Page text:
Title: Such a Fun Age
Author: Kiley Reid
Publication Date: Jan 7, 2020
Genre: Adult Contemporary
Alix Chamberlain is a woman who gets what she wants and has made a living showing other women how to do the same. A mother to two small girls, she started out as a blogger and has quickly built herself into a confidence-driven brand. So she is shocked when her babysitter, Emira Tucker, is confronted while watching the Chamberlains’ toddler one night. Seeing a young black woman out late with a white child, a security guard at their local high-end supermarket accuses Emira of kidnapping two-year-old Briar. A small crowd gathers, a bystander films everything, and Emira is furious and humiliated. Alix resolves to make it right.
But Emira herself is aimless, broke, and wary of Alix’s desire to help. At twenty-five, she is about to lose her health insurance and has no idea what to do with her life. When the video of Emira unearths someone from Alix’s past, both women find themselves on a crash course that will upend everything they think they know about themselves, and each other.
With empathy and piercing social commentary, Such a Fun Age explores the stickiness of transactional relationships, what it means to make someone “family,” the complicated reality of being a grown up, and the consequences of doing the right thing for the wrong reason.
Such a Fun Age maintains a perfect balance between fun, compelling, and uncomfortable as you jump into a novel with real and flawed characters.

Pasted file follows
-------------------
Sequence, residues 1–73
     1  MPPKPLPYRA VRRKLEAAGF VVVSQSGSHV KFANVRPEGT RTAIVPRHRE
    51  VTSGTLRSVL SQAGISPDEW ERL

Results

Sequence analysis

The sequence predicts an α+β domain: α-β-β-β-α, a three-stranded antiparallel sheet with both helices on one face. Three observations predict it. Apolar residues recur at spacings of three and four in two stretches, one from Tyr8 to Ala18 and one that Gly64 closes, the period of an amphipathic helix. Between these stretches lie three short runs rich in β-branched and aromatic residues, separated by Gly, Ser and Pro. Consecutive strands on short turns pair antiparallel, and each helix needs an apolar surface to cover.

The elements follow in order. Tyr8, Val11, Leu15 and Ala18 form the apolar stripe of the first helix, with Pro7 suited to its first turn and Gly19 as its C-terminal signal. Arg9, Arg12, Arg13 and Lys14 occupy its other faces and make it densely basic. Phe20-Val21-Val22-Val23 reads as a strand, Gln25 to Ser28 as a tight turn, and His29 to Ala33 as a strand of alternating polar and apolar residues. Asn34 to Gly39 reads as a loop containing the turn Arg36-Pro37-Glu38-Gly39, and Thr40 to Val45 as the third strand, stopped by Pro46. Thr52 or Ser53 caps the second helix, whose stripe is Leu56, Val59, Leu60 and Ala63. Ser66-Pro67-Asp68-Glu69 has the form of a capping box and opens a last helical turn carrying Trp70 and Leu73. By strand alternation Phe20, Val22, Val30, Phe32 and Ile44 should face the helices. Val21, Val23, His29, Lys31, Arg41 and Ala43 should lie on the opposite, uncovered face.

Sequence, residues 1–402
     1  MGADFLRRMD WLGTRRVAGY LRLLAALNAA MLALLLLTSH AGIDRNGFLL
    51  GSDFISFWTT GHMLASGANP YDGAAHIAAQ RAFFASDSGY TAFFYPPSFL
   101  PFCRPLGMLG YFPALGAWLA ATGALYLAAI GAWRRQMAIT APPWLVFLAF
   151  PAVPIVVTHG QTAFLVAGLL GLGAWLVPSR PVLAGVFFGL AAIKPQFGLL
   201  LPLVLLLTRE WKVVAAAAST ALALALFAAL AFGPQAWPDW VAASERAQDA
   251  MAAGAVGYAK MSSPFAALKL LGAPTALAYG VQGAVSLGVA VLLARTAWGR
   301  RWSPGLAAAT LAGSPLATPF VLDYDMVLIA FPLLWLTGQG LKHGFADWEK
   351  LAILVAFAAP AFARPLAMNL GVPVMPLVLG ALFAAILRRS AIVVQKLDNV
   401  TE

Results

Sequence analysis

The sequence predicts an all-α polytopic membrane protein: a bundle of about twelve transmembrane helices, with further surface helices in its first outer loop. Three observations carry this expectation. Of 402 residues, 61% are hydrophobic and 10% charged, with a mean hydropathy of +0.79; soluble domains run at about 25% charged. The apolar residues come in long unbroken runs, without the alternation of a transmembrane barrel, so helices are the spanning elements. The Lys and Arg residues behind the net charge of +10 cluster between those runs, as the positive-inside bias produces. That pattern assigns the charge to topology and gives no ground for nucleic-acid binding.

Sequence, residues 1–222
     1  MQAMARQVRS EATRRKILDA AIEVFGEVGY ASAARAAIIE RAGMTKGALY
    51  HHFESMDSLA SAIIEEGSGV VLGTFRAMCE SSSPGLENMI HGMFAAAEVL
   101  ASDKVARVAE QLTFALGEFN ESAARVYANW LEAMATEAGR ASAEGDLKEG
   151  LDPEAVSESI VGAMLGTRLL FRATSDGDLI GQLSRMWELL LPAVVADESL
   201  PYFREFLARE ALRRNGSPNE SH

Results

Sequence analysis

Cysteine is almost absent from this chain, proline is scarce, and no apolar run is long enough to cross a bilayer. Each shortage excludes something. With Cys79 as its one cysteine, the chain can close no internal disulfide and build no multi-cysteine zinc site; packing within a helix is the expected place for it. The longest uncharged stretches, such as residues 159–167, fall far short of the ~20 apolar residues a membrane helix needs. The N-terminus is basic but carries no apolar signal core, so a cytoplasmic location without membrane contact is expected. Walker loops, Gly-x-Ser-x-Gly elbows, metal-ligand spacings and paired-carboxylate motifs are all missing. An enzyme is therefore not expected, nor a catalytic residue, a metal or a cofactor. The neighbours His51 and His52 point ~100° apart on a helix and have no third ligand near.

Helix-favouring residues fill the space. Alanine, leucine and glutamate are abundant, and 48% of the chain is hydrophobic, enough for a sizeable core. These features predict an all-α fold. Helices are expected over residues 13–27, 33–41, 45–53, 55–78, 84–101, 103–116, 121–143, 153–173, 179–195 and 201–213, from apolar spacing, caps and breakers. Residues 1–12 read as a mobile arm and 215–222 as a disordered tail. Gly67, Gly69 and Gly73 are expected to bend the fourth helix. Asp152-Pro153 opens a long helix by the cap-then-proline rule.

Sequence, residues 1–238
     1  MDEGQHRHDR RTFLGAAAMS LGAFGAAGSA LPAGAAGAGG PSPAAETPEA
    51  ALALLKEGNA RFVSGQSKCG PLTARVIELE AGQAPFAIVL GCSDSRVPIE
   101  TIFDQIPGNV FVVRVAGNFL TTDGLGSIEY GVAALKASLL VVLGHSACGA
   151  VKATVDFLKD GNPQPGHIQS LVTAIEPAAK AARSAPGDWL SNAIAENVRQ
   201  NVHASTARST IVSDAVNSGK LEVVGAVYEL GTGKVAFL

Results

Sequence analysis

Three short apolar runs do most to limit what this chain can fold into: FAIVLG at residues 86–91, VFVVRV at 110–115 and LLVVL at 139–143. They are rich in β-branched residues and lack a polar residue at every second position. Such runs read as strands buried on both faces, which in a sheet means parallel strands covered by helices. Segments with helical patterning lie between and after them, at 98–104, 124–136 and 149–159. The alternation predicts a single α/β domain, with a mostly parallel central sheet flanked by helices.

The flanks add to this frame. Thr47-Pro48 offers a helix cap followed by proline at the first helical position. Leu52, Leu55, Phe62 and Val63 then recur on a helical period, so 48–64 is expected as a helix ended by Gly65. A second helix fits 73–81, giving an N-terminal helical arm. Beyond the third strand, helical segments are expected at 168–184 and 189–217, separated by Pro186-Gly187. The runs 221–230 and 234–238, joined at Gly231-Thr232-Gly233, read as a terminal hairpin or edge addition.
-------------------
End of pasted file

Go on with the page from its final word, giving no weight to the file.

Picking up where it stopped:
This story takes place in today’s world of influencers, imposter syndrome, and the question of “how on earth do we deal with the subject of race!?” Alternating between Emira and Alix’s POV, you really get to see how mindset, motivation, and personality really influence someone’s actions and how it’s received by others.
It’s interesting to see not only Alix’s perspective of a situation, but how her actions and insecurities lead to her end of sorts. And I was also surprised how the author wrote Alix’s friend group and the dynamic of it. Such a Fun Age examines the subject of race, class, and privilege from so many different angles that it really paints a diverse picture of how social pressures and media can impact one’s actions and decision-making processes.
I was also pleasantly surprised by how aspects of Emira’s life were presented. Emira is introduced as someone with insecurities and a general lack of direction that I know many millennials face after university. While the rest of her friends seem to have their lives together, Emira remains unsure of what to do with her life. Her scenes with Briar always stole my heart and I loved those scenes the most from the book.
Speaking of Briar – it’s amazing how every secondary character had a moment to shine and you got to see a bit of how they came into their biases and some of their character flaws/quirks that affected how they walked through life. Such a Fun Age has such a fantastically developed cast of characters. And knowing their motivations almost made everything worse because I was able to understand why they were doing/saying what they were. It made me uncomfortable because I knew it was wrong, but also because the trajectory of their story made their actions make sense.
Such a Fun Age is such a relevant read for today’s world, and delivers the message that no matter who you are your biases and experiences will affect how you approach a situation and the actions you take. Is there a remedy for that? I don’t know. This book doesn’t really present a solution so much as it presents us with the problem brief. I’m sure Reid has a lot more up her sleeve in terms of this subject and more. This is such a phenomenonal and important debut book from her and I’m excited to see what she has for us next!
World Building: 4.5/5
GoodReads Rating: 4.06/5
ARC obtained via Penguin Random House Canada in exchange for an honest review